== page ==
Captain Cook statue vandalized in Australia
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Captain Cook statue vandalized in Australia

A statue of British explorer Captain James Cook has been vandalized in Melbourne in an apparent protest on the eve of Australia Day.

A statue of British explorer Captain James Cook has been vandalized in Melbourne in an apparent protest on the eve of Australia Day.

The statue was found covered in pink paint at St. Kilda on Thursday, with the words "no pride" painted beneath his feet, along with the Aboriginal flag, the Guardian reported. 

A memorial to explorers Robert O'Hara Burke and William John Wills' near Melbourne zoo was also vandalized with green paint and the word "stolen" daubed on it.

The federal Citizenship Minister Alan Tudge called the vandalism a "disgrace". "These vandals are trashing our national heritage and should be prosecuted.

"I want Australia Day to be a great unifying day for our country. It has been for many decades now," Tudge told radio station 3AW.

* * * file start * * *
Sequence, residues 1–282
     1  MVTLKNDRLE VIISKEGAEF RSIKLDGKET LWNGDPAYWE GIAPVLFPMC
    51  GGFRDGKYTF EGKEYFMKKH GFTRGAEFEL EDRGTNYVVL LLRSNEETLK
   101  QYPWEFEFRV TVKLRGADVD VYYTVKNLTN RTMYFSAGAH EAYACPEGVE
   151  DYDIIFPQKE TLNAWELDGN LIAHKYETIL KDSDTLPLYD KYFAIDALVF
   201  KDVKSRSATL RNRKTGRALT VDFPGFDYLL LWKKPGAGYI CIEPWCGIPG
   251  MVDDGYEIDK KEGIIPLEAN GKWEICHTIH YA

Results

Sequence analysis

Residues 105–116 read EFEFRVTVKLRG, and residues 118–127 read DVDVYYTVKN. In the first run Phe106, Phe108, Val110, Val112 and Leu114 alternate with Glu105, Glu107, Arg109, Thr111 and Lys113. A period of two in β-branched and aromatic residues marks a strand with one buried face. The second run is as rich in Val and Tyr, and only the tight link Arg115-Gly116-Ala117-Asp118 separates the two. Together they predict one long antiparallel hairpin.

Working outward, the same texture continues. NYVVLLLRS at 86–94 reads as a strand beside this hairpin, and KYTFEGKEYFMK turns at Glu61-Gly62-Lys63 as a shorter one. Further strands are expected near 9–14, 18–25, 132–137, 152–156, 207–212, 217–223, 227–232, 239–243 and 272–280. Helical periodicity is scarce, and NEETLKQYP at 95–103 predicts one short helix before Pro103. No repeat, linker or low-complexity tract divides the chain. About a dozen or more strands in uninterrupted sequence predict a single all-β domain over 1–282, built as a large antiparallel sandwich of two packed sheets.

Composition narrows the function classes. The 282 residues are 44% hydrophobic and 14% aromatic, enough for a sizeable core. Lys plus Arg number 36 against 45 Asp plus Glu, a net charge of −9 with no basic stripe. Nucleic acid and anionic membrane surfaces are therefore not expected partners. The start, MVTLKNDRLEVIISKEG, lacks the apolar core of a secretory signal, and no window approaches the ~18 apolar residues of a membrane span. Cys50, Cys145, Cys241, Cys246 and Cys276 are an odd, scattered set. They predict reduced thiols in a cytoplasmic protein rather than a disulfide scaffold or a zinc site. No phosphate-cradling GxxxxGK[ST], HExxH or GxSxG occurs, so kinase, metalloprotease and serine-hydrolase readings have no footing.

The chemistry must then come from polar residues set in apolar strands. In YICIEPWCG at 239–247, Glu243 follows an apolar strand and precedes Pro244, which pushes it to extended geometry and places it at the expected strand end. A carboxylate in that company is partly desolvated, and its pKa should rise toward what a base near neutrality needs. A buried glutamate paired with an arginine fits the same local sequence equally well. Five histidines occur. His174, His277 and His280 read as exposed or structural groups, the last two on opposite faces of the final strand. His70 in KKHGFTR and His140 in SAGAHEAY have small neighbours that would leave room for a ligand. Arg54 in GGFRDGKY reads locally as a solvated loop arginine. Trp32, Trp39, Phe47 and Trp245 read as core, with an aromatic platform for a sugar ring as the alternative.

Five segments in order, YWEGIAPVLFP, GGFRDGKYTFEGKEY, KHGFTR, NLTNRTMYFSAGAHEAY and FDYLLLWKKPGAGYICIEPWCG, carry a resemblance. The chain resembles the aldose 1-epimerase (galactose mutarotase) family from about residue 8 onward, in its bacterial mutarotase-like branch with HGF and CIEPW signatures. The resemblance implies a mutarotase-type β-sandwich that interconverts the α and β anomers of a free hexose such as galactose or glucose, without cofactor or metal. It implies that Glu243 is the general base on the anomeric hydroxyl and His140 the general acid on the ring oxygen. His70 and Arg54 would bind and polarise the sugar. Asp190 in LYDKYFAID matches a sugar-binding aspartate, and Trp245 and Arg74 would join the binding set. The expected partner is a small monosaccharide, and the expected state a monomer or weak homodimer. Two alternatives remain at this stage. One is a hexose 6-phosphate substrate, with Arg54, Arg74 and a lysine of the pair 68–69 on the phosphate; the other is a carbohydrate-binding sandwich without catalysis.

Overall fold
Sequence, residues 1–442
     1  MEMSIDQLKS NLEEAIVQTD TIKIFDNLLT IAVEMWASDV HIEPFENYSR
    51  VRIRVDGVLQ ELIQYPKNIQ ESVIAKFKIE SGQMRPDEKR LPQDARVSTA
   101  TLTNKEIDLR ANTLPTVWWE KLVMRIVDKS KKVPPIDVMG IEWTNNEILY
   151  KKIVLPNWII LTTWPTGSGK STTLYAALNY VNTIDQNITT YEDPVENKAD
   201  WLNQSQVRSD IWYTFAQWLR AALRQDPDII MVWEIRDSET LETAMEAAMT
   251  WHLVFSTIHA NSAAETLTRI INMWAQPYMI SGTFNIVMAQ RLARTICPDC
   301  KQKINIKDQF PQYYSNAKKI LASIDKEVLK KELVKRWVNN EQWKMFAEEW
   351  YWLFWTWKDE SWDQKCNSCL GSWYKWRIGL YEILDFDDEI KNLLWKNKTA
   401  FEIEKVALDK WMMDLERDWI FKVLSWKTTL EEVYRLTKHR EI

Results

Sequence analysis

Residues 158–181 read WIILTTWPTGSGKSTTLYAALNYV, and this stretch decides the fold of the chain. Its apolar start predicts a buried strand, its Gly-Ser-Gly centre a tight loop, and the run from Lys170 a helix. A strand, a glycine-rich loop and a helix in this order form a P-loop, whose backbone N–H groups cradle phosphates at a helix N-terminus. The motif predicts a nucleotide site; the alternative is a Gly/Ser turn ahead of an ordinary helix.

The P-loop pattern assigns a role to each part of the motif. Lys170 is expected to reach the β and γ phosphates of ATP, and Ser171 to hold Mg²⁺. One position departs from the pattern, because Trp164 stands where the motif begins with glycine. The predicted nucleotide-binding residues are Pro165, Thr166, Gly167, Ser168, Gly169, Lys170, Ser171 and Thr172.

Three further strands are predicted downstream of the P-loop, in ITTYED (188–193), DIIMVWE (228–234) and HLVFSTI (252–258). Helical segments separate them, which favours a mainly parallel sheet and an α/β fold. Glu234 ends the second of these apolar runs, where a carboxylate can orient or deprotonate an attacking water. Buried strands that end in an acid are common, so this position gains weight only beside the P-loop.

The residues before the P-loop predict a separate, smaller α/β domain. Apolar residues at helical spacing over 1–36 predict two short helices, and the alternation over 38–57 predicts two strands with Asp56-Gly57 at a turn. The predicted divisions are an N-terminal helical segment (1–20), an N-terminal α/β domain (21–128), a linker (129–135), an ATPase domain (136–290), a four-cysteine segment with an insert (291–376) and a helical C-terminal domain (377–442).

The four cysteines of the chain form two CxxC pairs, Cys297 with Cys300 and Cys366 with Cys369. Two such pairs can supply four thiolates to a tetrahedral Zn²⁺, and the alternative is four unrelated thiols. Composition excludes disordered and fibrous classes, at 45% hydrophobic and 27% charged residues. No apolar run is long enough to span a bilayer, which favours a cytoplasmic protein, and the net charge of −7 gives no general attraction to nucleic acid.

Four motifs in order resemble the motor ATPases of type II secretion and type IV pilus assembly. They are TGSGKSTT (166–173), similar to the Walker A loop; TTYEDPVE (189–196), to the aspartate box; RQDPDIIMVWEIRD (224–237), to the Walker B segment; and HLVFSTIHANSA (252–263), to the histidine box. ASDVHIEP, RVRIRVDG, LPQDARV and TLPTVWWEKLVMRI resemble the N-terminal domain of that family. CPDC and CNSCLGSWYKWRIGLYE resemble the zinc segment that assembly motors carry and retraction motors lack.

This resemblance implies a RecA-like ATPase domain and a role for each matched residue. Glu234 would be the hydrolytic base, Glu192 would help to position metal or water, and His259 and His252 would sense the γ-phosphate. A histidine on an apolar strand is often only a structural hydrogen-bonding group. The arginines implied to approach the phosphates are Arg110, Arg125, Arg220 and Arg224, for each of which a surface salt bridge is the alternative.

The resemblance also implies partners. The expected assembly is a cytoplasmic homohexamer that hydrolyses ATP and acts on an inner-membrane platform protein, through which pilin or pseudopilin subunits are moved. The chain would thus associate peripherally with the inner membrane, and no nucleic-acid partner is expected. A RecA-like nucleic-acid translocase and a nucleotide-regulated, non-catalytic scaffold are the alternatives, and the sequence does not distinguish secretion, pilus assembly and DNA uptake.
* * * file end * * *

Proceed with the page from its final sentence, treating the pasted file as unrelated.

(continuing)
Police said they were investigating the incident.

Australia Day, the anniversary of British settlement, causes annual debate over indigenous sensitivities. It falls on January 26, the day in 1788 when Britain's First Fleet landed in Sydney Cove. 

Captain Cook had made it to Australia's east coast in 1770. Many indigenous Australians say Australia Day should be held on a different date, arguing the current celebration is "hurtful", the BBC reported.

Several protests were planned around the nation on Friday after similar events in recent years.

In August last year the words "change the date" and "no pride in genocide" were spray-painted on the statue of Cook in Sydney's Hyde Park. Similar words were also scrawled on a monument to Lachlan Macquarie, the fifth Governor of New South Wales. 

A statue of Queen Victoria was also targeted.

At the time, Prime Minister Malcolm Turnbull likened the vandalism of such statues to Stalinist purges, warning the acts were part of "a deeply disturbing" campaign to "obliterate" Australia's history. 

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